16. Good advice Jim. I do like weaving stories, but too many subplots can be confusing. A good book I recently read that not only included subplots, but the subplots were as important as the major stories, was “People of the Book” by Geraldine Brooks. Excellent story that weaves strong subplots all to the culmination of the primary plot.

    If subplots though do not lead to the culmination primary they are like spiderwebs on across a trail in the forest. You notice them when your face gets slimed in them but they don’t make the journey pleasent.

  17. Love the spiderweb image. I dislike subplots that don’t influence the main plot–or worse, that get dropped when the main plot conflict gets resolved. Three days after you finish the book, you’re still wondering, “what ever happened to the sidekick’s girlfriend? Is she still waiting for him in that cafe?”

    But I love lots of intriguing subplots that may seem to stray from the main plot road but in the end–ta da! all lead to a tidily resolved Rome. Does a writer really have to keep those down to two or three?

  18. Very good discussion πŸ™‚
    I’m an aspiring writer, have had very good critiques but have sent nothing to be looked at by agents/publishers yet and wont till I’ve finished my current book.

    Personally, I don’t think there is a point where there are ‘too many’ subplots. I like the ideal number for size of the novel and it feels quite accurate, but the question is how quick the subplots ‘end’ or are fulfilled. Within one chapter? One introduced right at the start that you only get the (now obvious) answer to at the end? Or just an obstacle that is overcome by changing the characters’ current aim or direction?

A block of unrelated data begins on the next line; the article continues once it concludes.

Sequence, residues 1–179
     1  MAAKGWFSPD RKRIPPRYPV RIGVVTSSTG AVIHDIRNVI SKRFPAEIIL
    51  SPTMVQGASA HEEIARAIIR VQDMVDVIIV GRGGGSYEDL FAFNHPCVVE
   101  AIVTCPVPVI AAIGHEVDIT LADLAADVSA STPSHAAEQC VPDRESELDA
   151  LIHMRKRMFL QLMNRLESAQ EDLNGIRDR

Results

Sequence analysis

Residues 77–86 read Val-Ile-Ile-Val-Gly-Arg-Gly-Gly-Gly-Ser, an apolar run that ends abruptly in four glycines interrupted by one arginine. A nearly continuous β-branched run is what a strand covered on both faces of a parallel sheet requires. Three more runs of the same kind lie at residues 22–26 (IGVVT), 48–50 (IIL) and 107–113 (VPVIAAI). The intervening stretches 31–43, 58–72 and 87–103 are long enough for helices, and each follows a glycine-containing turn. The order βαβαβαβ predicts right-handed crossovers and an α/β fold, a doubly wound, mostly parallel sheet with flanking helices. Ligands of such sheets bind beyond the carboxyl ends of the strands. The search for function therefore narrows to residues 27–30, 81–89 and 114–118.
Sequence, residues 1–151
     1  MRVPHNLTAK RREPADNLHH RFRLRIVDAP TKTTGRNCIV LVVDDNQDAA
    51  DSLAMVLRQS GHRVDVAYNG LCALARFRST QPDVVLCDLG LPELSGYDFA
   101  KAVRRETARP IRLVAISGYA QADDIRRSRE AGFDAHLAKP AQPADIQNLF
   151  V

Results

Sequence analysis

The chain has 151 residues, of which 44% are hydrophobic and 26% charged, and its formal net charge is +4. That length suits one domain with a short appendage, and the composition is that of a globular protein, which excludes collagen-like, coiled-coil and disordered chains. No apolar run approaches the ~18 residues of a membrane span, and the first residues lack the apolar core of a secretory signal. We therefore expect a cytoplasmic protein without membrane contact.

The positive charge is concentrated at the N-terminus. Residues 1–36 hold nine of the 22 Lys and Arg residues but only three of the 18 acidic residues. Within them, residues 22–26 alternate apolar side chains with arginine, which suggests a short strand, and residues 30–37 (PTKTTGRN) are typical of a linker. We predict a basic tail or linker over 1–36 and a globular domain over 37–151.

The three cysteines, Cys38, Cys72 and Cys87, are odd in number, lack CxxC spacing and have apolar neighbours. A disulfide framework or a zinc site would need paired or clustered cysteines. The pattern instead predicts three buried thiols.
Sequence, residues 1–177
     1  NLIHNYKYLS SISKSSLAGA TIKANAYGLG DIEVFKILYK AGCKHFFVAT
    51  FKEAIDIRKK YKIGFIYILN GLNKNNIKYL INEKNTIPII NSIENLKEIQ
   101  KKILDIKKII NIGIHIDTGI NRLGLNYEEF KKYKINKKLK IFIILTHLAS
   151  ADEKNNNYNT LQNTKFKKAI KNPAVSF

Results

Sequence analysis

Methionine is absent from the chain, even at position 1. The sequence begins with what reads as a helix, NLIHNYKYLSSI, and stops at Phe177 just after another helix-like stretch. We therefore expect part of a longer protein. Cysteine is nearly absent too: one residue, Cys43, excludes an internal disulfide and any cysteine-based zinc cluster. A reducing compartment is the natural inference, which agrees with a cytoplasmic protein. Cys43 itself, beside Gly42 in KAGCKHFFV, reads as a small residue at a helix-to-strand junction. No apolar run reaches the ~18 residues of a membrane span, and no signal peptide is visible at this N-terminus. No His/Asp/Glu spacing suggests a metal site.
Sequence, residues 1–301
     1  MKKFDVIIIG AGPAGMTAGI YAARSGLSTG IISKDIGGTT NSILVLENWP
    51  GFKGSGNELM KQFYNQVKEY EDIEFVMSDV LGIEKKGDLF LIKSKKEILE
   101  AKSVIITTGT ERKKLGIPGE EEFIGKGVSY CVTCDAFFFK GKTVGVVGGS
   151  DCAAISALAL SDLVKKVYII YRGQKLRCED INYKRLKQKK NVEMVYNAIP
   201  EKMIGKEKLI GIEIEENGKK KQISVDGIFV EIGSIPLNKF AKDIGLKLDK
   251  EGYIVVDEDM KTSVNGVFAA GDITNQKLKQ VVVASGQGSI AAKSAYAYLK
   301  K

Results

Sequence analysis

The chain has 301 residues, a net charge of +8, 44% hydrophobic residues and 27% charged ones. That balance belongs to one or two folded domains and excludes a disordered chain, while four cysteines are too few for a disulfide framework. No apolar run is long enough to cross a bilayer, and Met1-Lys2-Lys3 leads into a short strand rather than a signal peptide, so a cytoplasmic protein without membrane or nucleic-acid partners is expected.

It just needs to stay intriguing AND have relevance to the story OR the final outcome of the story as a whole.

    It makes me think of an excellent example; the TV programme/series called Hustle.
    You have the main ‘plot’ (/storyline) given to you pretty much straight away, you see them carry out the plan and see the plans work and/or fail. Then it ends with one of two questions:
    1) How are they going to overcome this unexpected [problem]!?
    2) .. they didn’t say what happened [here] or [there].

    Right at the end it’s ALL answered without fail and it gives such a satisfying ending (usually, unless it was a pretty boring episode!)

    We need to write like that πŸ™‚

    ~ Pc

  19. Well, to be honest, my novel kinda has a lot more than five subplots. It’s long, but still. However, even when it’s true one should never confuse the reader, I guess if you know how to explain them and build with them the main plot, there shouldn’t be any problem.
    But I admit it, creating so many subplots can be difficult. You have to think lots of things trough and be careful with details, nevertheless, they just didn’t appear in my mind while writing, I was the one who decided how complicated I wanted my story and characters to be and started working on that.
    I also realized, the more characters you include, the more subplots you’ll have, since every character is supossed to come from somewhere and tell a different story (it doesn’t matter how small). That’s what turned them into what they are.
    I don’t like when a character is just thrown there to stand near the main character/s. They seem kinda plain and like unnecesary.
    Don’t misunderstand me. Two or three characters like those are ok with me, but ten? I don’t think so.

    In short, I might be wrong about the way I overuse subplots, but arts are made for experimenting, as long as the result is not a mess. So I don’t think it’s a crime having lots of them either. Just my opinion.